$50 million gift for U of M writing program
Future University of Michigan writers can focus on their work – and not on finding work, thanks to a $50 million gift by The Zell Family Foundation.
The gift is the third-largest to the U of M and the largest ever received by the College of Literature, Science, and the Arts. Helen Zell has been supporting the college for several years.
She talked about the reason for her gift in the U of M’s News Release:
"The goal of this MFA program is twofold—to ease the financial burdens of talented budding authors so they have time to write, and to teach them the skills that will help them refine their voice," Zell said. "Books have the power to inspire and change people, to create action, to generate movements, and to better understand those qualities that are uniquely human. We want to capture important stories that might otherwise go untold."
Michael Byers directs the newly renamed Helen Zell Writer’s Program.
“Helen makes this gift from what is a really remarkable devotion to the idea that literature matters. Stories matter and new language matters. And that this is something that’s worth funding to this extent. I mean this is a critical part of how we understand who we are. These books make us bigger as humans. They allow us to see ourselves more completely.”
The Zell Family Foundation already pays for students' third year in the program. Byers says the additional $50 million gift will ensure that third year is subsidized in perpetuity. Students who are accepted into the program call the third year a “Zell-oship."
“We’re able to recruit the most talented and most interesting and most original voices of young writers across the country … who want to come to a place where they’re going to be supported in the way that they’re going to be at Michigan.”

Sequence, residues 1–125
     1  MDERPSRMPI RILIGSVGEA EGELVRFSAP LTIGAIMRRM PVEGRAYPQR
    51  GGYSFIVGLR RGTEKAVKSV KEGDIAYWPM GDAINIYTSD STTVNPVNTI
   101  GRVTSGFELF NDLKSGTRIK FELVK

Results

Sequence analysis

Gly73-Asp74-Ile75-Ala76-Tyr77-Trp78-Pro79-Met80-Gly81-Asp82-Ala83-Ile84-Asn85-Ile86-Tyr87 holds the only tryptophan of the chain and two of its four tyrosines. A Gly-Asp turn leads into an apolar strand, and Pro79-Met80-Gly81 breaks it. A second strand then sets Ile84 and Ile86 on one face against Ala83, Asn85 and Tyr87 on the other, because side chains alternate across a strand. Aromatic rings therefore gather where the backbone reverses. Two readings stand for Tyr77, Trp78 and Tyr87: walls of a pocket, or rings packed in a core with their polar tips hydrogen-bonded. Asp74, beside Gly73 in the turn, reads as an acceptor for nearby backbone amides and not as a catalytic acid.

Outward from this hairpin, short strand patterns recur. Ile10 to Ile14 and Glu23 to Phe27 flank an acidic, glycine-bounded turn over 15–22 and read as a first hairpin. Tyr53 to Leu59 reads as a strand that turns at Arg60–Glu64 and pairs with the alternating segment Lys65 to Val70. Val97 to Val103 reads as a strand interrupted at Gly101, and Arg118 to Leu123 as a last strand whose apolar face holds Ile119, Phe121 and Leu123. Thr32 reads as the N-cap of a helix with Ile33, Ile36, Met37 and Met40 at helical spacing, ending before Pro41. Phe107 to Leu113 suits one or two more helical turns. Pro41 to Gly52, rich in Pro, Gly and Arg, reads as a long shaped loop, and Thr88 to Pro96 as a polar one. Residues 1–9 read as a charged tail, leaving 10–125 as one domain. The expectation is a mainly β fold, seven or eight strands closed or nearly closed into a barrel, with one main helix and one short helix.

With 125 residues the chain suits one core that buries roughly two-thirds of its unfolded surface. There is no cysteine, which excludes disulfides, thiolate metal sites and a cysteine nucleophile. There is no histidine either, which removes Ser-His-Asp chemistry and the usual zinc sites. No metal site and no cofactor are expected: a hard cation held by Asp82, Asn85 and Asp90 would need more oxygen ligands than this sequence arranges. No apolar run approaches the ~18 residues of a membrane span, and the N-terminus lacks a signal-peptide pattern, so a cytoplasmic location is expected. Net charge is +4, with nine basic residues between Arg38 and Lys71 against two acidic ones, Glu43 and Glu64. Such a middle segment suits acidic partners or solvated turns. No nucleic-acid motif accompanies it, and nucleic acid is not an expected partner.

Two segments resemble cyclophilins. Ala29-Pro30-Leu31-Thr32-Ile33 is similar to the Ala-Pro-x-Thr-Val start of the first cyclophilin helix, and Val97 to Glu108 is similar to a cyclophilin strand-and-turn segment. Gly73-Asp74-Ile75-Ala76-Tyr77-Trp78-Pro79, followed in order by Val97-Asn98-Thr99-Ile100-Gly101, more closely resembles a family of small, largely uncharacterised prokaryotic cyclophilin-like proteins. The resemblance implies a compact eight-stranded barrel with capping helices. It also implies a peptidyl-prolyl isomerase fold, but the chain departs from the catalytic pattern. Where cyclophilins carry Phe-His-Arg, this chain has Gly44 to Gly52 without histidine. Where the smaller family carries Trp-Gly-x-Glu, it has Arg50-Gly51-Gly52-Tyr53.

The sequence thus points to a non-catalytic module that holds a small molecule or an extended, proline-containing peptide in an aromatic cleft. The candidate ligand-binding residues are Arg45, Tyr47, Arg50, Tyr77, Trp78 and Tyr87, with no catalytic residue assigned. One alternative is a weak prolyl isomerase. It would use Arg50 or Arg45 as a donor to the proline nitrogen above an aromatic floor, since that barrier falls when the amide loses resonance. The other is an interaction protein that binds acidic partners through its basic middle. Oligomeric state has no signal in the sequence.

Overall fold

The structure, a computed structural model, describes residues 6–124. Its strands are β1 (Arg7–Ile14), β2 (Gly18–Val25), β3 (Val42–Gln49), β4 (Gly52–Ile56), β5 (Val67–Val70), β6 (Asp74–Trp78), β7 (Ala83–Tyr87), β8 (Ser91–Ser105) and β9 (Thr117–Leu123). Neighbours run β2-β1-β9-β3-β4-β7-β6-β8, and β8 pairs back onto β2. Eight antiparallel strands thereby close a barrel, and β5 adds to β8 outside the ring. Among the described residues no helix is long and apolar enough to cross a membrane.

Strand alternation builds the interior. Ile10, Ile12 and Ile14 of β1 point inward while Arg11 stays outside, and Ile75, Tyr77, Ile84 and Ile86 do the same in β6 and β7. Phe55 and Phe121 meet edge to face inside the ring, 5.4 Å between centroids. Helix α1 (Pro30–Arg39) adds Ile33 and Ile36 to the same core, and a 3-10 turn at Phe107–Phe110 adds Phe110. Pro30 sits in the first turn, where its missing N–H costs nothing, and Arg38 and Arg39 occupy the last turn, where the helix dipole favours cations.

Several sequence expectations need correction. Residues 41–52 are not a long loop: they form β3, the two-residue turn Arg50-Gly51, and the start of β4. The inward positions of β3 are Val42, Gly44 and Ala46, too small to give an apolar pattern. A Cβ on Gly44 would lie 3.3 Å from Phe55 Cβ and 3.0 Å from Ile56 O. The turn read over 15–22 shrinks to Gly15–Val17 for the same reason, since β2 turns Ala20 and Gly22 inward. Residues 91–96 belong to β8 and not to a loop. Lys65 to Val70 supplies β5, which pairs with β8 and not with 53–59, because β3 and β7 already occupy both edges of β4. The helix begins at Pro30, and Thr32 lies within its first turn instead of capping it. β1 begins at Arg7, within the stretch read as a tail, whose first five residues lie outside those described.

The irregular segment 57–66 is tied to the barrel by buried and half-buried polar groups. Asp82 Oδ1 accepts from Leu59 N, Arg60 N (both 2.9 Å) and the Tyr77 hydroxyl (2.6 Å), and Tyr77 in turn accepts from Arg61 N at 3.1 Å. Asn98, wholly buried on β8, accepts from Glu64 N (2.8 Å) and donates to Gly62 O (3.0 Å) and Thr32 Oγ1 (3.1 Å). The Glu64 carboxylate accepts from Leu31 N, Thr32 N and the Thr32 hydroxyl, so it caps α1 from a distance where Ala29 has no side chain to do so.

He adds, “these young writers are producing works of great intensity and distinction and strangeness and importance. And it’s not really something you can do part-time. You really have to be focused on it all the time. And this gift allows them to be that.”
Byers says just 22 students out of a thousand applicants are accepted in the program each year. The Zells have contributed more than $60 million to the program since 2004.
The award-winning authors from the MFA program have produced memoirs, fiction and poetry.
Among their extensive ranks are:
- Elizabeth Kostova, author of "The Historian," which became the first debut novel to hit number one on the New York Times best-seller list in its first week.
- Hanna Pylväinen, who took advantage of the program to write her first novel, "We Sinners," about conservative religion in the contemporary United States. The book won a Whiting Writers' Award last year.
- Jesmyn Ward, who won the 2011 National Book Award for her second novel, "Salvage the Bones," about a Mississippi family during Hurricane Katrina.
- Nigerian author and Jesuit priest Uwem Akpan, who wrote "Say You're One of Them," a collection of short stories giving voices to the poverty and violence in Africa. The book was named the No. 1 fiction book in 2008 by Entertainment Weekly and was the first short-story collection selected by Oprah's Book Club in 2009.
- Laura Kasischke, alumna and program faculty member won the National Book Critics Circle Award for the poetry collection "Space, in Chains," in 2012.
- Chris Zollars, Michigan Radio News.